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Spokane’s First Snowfall Catches Many Unprepared

Despite being forecast for days, the first snow of the season caught some area drivers and the Spokane street department unprepared.

City street crews still were working on autumn leaf cleanup, despite predictions of snow, when the flakes began falling at 2 a.m. Tuesday.

“We had one sander out,” said Jim Smith, director of city street maintenance.

Crews started working about 6 a.m. with the sander, six de-icers and 12 snowplows. The other sanders and remaining de-icers just weren’t ready to roll yet.

The working sander hit the worst trouble spots with sand, and de-icers did what they could against already icy roads.

Apparently, it wasn’t enough. Morning traffic skidded its way down the South Hill and was backed up for blocks. Fender-benders added to the problems.

State troopers responded to more than 45 collisions from 6 to 11 a.m. Tuesday. Only one was serious, sending a man to Deaconess Medical Center.

Scott J. Hagerty, 37, of Mead, was in serious condition Tuesday after he lost control of his car during the morning snowfall and it was struck by an oncoming pickup on U.S. Highway 2 north of Spokane.

The accident happened at 7:15 a.m., north of Farwell Road, the Washington State Patrol said.

Hagerty was driving his 1986 Toyota south on U.S. 2 when he lost control and the car veered into the northbound lane. His car was struck by an oncoming pickup, driven by Gregory E. Nealey of Spokane.

Nealey, 28, wasn’t injured in the accident, the State Patrol said.

Hagerty was wearing a seat belt and Nealey was not, the State Patrol said.

“It would be safe to say that we were real busy this morning,” said WSP Sgt. Chris Powell, who had trouble getting to work on the backed-up streets of the South Hill.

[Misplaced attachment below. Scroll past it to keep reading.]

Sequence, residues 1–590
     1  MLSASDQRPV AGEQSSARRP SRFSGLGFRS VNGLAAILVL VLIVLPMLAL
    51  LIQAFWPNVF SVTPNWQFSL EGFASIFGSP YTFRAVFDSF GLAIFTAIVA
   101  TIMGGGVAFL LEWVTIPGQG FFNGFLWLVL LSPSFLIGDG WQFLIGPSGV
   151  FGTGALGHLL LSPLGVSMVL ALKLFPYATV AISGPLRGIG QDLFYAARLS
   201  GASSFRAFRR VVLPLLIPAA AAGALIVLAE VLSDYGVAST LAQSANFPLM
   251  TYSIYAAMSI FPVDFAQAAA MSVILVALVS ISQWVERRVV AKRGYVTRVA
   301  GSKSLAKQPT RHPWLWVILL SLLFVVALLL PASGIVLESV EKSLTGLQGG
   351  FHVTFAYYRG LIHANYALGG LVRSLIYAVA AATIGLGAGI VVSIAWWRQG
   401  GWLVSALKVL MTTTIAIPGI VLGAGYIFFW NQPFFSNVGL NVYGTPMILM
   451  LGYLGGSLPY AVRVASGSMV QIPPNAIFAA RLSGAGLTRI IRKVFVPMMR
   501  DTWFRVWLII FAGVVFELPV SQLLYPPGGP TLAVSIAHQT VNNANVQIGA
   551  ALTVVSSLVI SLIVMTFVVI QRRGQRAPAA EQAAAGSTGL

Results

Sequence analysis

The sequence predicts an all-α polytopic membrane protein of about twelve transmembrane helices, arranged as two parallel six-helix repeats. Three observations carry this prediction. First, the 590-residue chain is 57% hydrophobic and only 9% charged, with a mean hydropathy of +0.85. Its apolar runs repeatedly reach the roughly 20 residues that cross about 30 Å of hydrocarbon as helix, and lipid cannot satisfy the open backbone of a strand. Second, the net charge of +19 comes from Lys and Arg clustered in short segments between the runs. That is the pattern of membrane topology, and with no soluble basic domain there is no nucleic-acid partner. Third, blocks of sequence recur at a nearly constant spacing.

Lincoln was closed temporarily Tuesday morning from Fifth to Seventh; Freya was closed near 11th and 12th; and Ben Garnett Way was closed from Sumner to Ninth.

Snowfall averaged about 2 inches throughout the region. As little as 1 inch was reported at one location in the Spokane Valley, while 6 inches fell in Latah in southern Spokane County. Two inches of snow were recorded at Spokane International Airport. That snow amounted to 0.31 inches of melted precipitation.

Meteorologists said Tuesday’s snow resulted when a mass of moist Pacific air blew over a layer of cold air hugging the ground east of the Cascade Mountains.

By midday, the freezing level over Spokane had risen to 6,800 feet, which is higher than the top of Mount Spokane. The cold air at the surface was expected to be blown away overnight and be replaced by the milder Pacific air. The high today should be 49, and windy conditions are forecast.

“This snow will be gone except for the very highest elevations,” said John Livingston, chief forecaster for the National Weather Service in Spokane.

A new cold front is expected to cross the region by the end of the week, bringing another shot of rain and possibly snow during the weekend. That will give street crews a few more days to get ready for winter. The winter schedule starts Sunday.

In the city of Spokane, that means crews are on duty 24 hours a day, seven days a week, depending on weather problems. A dozen sanders, nine liquid de-icer trucks and 20 snowplows can be sent out when a storm strikes. Normally, the de-icer trucks go out before a storm hits and spread a layer of a liquid melting agent to prevent ice from forming.

“It takes considerably less energy,” Smith said. “Our efforts are always to keep it from freezing.”

, DataTimes ILLUSTRATION: Photo



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